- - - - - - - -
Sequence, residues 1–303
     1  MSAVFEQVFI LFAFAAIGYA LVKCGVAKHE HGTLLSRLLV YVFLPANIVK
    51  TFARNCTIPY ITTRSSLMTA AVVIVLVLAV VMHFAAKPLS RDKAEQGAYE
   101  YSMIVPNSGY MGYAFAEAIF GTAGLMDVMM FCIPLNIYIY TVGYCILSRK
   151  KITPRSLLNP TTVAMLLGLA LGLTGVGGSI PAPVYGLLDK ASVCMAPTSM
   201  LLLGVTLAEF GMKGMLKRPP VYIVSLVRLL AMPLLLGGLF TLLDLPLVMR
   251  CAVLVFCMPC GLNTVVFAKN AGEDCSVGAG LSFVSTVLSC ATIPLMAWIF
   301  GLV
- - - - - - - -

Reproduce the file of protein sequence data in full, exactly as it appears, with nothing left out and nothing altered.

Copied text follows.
Sequence, residues 1–303
     1  MSAVFEQVFI LFAFAAIGYA LVKCGVAKHE HGTLLSRLLV YVFLPANIVK
    51  TFARNCTIPY ITTRSSLMTA AVVIVLVLAV VMHFAAKPLS RDKAEQGAYE
   101  YSMIVPNSGY MGYAFAEAIF GTAGLMDVMM FCIPLNIYIY TVGYCILSRK
   151  KITPRSLLNP TTVAMLLGLA LGLTGVGGSI PAPVYGLLDK ASVCMAPTSM
   201  LLLGVTLAEF GMKGMLKRPP VYIVSLVRLL AMPLLLGGLF TLLDLPLVMR
   251  CAVLVFCMPC GLNTVVFAKN AGEDCSVGAG LSFVSTVLSC ATIPLMAWIF
   301  GLV